We believe that many competitors are attempting to develop therapeutics for the target indications of our product candidates, including academic institutions, government agencies, public and private research organizations, large pharmaceutical companies and smaller more focused companies.

 

Many of our competitors may have significantly greater financial resources and expertise in research and development, manufacturing, preclinical testing, conducting clinical trials, obtaining regulatory approvals and marketing approved products than we do. Mergers and acquisitions in the pharmaceutical and biotechnology industries may result in even more resources being concentrated among a smaller number of our competitors. Smaller and other early stage companies may also prove to be significant competitors, particularly through collaborative arrangements with large and established companies. These third parties compete with us in recruiting and retaining qualified scientific and management personnel, establishing clinical trial sites and patient registration for clinical trials, as well as in acquiring technologies complementary to or necessary for our programs.

 

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Even if we are able to commercialize ataluren or any other product candidate that we develop, the product may become subject to unfavorable pricing regulations, third-party reimbursement practices or healthcare reform initiatives, which would harm our business.

 

The regulations and practices that govern marketing approvals, pricing, coverage and reimbursement for new drug products vary widely from country to country. Current and future legislation may significantly change the approval requirements in ways that could involve additional costs and cause delays in obtaining approvals. Some countries require approval of the sale price of a drug before it can be marketed. In many countries, the pricing review period begins after marketing or product licensing approval is granted. In some foreign markets, prescription pharmaceutical pricing remains subject to continuing governmental control even after initial approval is granted. As a result, we might obtain marketing approval for a product in a particular country, but then be subject to price regulations that delay our commercial launch of the product, possibly for lengthy time periods, and negatively impact the revenues we are able to generate from the sale of the product in that country. Adverse pricing limitations may hinder our ability to recoup our investment in one or more product candidates, even if our product candidates obtain marketing approval.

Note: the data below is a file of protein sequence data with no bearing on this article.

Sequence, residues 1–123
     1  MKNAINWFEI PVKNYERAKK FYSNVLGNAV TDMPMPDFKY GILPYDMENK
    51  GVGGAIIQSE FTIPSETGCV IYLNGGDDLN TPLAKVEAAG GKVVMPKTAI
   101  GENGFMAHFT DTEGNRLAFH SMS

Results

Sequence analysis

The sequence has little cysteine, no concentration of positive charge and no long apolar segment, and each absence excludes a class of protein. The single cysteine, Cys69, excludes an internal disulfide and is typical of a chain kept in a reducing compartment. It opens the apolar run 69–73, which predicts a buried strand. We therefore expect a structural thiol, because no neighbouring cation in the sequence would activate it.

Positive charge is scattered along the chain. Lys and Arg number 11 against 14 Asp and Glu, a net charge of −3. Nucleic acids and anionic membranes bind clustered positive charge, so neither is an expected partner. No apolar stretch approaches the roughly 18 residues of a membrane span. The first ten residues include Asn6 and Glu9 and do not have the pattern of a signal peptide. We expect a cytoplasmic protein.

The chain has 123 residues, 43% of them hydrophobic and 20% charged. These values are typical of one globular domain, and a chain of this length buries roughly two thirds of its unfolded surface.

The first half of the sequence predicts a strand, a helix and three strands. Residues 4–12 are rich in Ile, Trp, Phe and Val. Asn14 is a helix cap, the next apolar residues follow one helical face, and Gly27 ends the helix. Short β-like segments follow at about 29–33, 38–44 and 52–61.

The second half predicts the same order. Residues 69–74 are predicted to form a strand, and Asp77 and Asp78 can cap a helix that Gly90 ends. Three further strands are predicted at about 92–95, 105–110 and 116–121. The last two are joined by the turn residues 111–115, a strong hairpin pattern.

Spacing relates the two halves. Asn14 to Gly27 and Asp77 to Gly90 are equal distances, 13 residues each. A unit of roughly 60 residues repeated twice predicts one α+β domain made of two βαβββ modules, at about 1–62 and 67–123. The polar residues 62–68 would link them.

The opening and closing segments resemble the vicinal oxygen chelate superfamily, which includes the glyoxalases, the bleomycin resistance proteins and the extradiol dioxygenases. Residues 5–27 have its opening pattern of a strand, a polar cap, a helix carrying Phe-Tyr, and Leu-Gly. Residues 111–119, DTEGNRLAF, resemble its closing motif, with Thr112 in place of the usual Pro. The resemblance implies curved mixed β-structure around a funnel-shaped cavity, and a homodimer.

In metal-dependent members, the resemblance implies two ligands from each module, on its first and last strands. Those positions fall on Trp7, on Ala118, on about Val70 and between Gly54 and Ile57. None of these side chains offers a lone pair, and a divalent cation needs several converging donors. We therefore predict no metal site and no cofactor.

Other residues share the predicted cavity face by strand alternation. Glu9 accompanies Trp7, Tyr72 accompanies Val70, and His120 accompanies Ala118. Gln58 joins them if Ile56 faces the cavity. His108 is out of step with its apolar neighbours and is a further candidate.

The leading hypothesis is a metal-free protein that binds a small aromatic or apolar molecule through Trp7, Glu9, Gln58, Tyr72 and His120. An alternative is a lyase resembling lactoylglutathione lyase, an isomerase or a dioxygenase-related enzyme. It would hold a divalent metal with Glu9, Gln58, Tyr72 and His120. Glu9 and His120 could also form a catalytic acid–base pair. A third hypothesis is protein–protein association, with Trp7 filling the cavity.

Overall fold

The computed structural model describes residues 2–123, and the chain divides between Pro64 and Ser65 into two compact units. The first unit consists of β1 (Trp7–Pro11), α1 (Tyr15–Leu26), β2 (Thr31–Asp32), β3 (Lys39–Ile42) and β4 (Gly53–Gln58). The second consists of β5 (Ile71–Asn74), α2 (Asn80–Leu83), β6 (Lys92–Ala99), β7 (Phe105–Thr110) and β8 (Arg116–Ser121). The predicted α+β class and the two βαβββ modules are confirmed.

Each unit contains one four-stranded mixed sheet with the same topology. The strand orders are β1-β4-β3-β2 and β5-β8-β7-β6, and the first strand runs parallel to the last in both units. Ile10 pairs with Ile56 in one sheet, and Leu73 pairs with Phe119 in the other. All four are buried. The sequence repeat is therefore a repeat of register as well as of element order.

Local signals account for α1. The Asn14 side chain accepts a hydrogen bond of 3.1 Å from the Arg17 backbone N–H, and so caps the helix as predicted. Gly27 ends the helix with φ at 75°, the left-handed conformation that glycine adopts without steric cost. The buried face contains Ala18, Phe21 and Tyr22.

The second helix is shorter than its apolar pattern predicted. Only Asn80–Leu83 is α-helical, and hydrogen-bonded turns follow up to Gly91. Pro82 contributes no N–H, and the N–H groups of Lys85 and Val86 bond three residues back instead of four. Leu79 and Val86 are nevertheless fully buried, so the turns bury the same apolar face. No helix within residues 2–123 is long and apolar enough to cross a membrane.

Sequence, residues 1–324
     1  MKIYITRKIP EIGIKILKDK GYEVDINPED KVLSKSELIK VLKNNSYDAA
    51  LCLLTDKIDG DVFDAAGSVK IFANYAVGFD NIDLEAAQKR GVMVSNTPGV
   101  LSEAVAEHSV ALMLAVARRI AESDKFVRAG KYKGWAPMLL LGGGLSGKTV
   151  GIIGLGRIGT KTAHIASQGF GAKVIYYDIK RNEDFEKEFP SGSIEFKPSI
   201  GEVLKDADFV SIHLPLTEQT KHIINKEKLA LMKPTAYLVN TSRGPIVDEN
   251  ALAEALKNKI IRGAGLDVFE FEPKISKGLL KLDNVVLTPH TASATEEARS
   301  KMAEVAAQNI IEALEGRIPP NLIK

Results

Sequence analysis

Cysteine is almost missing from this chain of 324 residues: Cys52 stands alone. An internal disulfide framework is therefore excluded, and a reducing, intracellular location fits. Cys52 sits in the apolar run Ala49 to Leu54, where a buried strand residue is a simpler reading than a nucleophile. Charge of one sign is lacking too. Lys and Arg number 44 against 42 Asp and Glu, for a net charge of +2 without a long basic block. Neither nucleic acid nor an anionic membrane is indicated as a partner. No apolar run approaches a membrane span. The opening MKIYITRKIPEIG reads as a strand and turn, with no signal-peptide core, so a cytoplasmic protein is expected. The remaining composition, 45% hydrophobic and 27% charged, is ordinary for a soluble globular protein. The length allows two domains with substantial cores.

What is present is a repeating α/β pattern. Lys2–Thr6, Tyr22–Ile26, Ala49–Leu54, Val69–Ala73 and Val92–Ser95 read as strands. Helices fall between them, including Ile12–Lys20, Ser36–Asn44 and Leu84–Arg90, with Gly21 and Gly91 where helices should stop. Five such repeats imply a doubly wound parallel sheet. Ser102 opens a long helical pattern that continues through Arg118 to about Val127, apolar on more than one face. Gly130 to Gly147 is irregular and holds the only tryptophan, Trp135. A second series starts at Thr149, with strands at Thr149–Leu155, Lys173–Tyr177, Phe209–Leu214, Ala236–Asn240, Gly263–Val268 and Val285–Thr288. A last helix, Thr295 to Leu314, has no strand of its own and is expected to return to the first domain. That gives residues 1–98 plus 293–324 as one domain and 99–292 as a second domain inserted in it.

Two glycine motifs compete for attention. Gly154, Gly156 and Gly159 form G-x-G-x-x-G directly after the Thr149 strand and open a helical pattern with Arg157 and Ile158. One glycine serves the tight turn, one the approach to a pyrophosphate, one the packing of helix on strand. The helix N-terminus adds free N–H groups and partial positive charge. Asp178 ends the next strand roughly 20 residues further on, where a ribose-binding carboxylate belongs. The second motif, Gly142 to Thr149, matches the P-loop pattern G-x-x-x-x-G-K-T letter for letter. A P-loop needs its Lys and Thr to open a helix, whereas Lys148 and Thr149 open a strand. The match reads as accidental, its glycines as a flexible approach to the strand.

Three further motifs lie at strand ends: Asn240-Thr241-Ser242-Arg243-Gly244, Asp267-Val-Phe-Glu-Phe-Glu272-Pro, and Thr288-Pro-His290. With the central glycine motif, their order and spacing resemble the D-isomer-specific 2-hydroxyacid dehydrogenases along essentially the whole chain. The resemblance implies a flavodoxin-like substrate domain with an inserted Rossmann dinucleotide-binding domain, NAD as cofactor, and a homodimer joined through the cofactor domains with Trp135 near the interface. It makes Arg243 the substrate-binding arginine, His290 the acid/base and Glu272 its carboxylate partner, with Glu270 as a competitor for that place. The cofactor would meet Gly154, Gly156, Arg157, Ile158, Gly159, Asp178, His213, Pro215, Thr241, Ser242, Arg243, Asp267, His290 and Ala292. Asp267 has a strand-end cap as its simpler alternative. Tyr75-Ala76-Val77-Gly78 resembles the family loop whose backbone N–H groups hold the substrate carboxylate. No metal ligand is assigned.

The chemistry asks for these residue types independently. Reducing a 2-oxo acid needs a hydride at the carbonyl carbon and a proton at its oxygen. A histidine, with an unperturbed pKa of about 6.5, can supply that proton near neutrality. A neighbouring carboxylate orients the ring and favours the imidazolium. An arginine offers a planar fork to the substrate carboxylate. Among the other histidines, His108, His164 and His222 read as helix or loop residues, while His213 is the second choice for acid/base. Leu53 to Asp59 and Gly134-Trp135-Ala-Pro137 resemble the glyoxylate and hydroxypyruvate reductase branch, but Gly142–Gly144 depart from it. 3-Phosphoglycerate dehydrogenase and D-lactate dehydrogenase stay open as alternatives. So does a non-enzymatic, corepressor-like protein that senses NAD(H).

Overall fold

Our ability to commercialize ataluren or any other product candidate successfully also will depend in part on the extent to which reimbursement for these products and related treatments will be available from government health administration authorities, private health insurers and other organizations. Government authorities and other third-party payors, such as private health insurers and health maintenance organizations, decide which medications they will pay for and establish reimbursement levels. A primary trend in the E.U. and U.S. healthcare industries and elsewhere is cost containment. Government authorities and other third-party payors have attempted to control costs by limiting coverage and the amount of reimbursement for particular medications. Increasingly, third-party payors are requiring that drug companies provide them with predetermined discounts from list prices and are challenging the prices charged for medical products. We cannot be sure that coverage and reimbursement will be available for ataluren or any other product that we commercialize and, if coverage and reimbursement are available, the level of reimbursement. Reimbursement may impact the demand for, or the price of, any product candidate for which we obtain marketing approval. Obtaining reimbursement for ataluren may be particularly difficult because of the higher prices typically associated with drugs directed at smaller populations of patients. In addition, third-party payors are likely to impose strict requirements for reimbursement of a higher priced drug. If reimbursement is not available or is available only to limited levels, we may not be able to successfully commercialize any product candidate for which we obtain marketing approval.